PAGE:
PH Monday Macro: With China opening up, there’s little to be concerned about Philippine GDP in the coming quarters
Last week, we talked about the Philippine economy continuing its resiliency despite having contraction woes. We also mentioned that the economy may even grow further with China’s reopening.
Since China is the Philippine’s largest trading partner, how is our economic trade going to benefit GDP? Today we will dive into the Philippine’s economic trade industry, mainly its exports, and its impact on the global economic system.
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Some people think that since the Philippines is an agricultural country, our major exports would naturally be agricultural commodities.
On the contrary, agricultural import expenses were higher than agricultural export earnings in 2021. We were even importing more rice than we were exporting.
What makes up a huge chunk of the nation’s exports is actually manufactured goods. These range from electronic products to machinery components.
That said, the Philippines does not produce these manufactured products from scratch, but rather, assembles them, importing the parts needed.
Since the cost of labor is relatively cheaper in the Philippines, it makes sense for companies to outsource this labor-intensive part of the manufacturing process.
A leading product the Philippines exports is integrated circuits, and one of the country’s top trade partners for this particular product is China.
Two years ago, China accounted for 31.9% of Philippine imports and 16.2% of exports which makes the country the Philippines’ most significant trading partner in terms of trade value. Other major trade partners of the Philippines include the U.S and Japan who imported 13.5% and 12.9% of our goods, respectively.
However, China’s economic activity has been muted lately because of its “Zero-COVID” policy that limited spending and productivity—it was probably the only major economic power yet to fully open up.
So when the Chinese government announced late last year an end to such a policy, investors applauded, expecting a return to pre-pandemic global economic activity.
China was not only the second-largest economy in the world, it also played a vital role in manufacturing companies achieving economies of scale through mass-produced goods.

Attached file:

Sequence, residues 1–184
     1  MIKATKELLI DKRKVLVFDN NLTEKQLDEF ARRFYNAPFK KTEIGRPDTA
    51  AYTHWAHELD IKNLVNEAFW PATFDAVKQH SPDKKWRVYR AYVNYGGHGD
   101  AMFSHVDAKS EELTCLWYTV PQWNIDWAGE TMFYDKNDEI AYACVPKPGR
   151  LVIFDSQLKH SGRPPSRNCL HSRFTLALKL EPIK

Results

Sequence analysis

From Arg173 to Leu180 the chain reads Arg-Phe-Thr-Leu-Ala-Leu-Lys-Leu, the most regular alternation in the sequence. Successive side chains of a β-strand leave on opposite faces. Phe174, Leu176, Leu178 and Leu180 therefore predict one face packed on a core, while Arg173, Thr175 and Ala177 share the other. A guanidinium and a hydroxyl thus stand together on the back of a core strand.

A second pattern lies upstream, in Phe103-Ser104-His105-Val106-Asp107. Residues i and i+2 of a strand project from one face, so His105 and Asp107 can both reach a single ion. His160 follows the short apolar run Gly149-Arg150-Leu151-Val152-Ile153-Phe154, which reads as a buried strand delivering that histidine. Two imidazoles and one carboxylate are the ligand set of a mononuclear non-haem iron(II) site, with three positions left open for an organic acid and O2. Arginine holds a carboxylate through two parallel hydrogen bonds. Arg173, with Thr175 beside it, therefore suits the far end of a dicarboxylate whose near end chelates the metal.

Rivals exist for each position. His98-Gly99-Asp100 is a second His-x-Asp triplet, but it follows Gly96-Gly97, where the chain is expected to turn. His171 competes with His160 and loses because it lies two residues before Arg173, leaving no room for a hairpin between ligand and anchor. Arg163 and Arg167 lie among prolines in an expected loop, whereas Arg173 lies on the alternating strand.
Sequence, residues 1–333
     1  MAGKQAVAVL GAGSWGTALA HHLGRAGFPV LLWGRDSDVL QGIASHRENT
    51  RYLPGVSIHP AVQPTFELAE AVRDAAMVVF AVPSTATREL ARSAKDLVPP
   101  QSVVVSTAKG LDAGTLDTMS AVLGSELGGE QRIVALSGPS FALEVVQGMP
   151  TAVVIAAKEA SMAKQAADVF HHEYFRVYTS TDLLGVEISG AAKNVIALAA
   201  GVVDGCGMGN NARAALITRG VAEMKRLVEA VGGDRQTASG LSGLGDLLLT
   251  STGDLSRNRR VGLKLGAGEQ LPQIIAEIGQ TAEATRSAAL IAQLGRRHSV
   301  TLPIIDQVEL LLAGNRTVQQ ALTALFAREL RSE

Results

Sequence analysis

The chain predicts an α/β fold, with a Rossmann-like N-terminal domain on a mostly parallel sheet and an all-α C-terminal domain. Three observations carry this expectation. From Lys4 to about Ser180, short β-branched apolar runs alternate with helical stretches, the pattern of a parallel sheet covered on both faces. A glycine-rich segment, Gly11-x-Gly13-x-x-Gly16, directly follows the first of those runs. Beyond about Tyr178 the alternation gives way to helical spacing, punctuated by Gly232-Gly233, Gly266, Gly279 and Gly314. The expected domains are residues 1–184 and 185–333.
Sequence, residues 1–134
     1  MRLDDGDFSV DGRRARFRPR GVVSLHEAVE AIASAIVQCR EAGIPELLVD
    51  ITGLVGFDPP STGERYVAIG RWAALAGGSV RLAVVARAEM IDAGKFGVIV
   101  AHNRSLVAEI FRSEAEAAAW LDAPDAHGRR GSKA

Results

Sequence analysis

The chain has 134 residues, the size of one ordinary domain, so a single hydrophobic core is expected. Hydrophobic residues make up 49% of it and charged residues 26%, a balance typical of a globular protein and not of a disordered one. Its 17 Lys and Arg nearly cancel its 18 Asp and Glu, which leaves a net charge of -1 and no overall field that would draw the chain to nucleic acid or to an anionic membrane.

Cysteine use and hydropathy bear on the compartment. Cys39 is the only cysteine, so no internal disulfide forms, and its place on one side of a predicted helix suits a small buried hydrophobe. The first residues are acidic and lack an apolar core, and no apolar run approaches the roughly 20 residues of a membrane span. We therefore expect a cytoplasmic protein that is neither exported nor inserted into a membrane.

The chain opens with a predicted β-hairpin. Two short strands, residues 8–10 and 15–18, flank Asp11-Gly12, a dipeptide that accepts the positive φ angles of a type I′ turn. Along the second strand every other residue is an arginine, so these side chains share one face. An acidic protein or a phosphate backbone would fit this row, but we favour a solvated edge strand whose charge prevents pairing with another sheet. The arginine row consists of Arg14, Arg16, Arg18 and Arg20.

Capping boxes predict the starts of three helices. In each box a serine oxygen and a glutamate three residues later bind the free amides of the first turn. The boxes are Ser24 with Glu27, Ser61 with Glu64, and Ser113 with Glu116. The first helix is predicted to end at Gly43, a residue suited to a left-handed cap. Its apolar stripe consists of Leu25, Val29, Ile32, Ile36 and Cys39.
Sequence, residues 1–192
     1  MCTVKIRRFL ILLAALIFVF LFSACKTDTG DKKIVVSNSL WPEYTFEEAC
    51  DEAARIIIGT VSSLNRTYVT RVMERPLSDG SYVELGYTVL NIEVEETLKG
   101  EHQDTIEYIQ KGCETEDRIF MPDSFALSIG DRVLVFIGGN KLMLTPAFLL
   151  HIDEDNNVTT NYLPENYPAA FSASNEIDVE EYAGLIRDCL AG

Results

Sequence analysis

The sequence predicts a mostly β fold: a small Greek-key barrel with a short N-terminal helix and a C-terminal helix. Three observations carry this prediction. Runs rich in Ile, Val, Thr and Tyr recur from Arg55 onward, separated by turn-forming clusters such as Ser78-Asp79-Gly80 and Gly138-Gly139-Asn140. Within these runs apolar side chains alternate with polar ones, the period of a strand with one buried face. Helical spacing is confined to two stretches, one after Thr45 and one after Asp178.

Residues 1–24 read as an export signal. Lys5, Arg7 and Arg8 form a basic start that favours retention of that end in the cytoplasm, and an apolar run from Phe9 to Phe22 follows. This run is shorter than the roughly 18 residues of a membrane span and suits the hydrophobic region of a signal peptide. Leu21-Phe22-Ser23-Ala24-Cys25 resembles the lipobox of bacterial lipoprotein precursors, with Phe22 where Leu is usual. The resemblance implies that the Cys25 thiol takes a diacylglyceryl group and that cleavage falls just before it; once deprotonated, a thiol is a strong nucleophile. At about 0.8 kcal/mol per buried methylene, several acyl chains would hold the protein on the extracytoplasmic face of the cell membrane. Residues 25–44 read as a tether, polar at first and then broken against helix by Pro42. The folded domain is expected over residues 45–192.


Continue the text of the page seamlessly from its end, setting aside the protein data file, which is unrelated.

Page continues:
This is why when China closed its borders and limited its economic activity, multinational companies were faced with a production problem. This resulted in the prices of goods increasing.
What does China’s reopening mean for the Philippines?
With net exports accounting for only around 2% of GDP, trade with China doesn’t sound that big. However, as long as China is back in the production cycle and supply chain issues are resolved with port openings, the Philippines is set to benefit from this increased economic activity.
You see, every country that trades with one another is important to the global economic ecosystem. Each economy is part of this nexus system that affects each other.
A great example of this is the automotive industry.
Cars require a long list of component inventory. This could be glass, copper, steel, aluminum, and hundreds of other commodities and parts.
Each of these components comes from different countries that specialize in manufacturing the parts or extracting the raw materials. In short, the supplies to assemble a car takes a complex chain that involves incorporating many countries’ exports.
One important component to build a vehicle is the semiconductor chip. This was actually the main reason why car prices have been elevated since the pandemic—there was a shortage of the item.
This is where the Philippines come in. The Philippines is included in the top 10 largest exporters of this electronic product and contributes 80% of its total exports. Given the nexus spirit of the global economy, China’s reopening will lead to many cascading effects.
The Philippines will be able to assemble the integrated circuit, increasing the supply in the car market. An increase in chips for cars would ease inflated car prices, which arguably could make it easier for more consumers to purchase cars.
This also means that the materials and components used to build such vehicles would see a rise in demand, which will make other countries’ output to climb.
China’s reopening and its mitigation of the issues in the auto industry is one of the many examples of how it affects the global economic ecosystem. Supply bottlenecks in other industries will likely improve, and the consumers actively looking for alternatives to products due to high prices will finally see gradual price alleviation.
Therefore, barring any pandemic-related issues, we can expect to see further improvements in Philippine GDP in the coming quarters as China gets back on track.
About the Philippine Markets Newsletter
“The Monday Macro Report”
When just about anyone can post just about anything online, it gets increasingly difficult for an individual investor to sift through the plethora of information available.
Investors need a tool that will help them cut through any biased or misleading information and dive straight into reliable and useful data.
Every Monday, we publish an interesting chart on the Philippine economy and stock market. We highlight data that investors would normally look at, but through the lens of Uniform Accounting, a powerful tool that gets investors closer to understanding the economic reality of firms.
Understanding what kind of market we are in, what leading indicators we should be looking at, and what market expectations are, will make investing a less monumental task than finding a needle in a haystack.
Hope you’ve found this week’s macro chart interesting and insightful.
Stay tuned for next week’s Monday Macro report!
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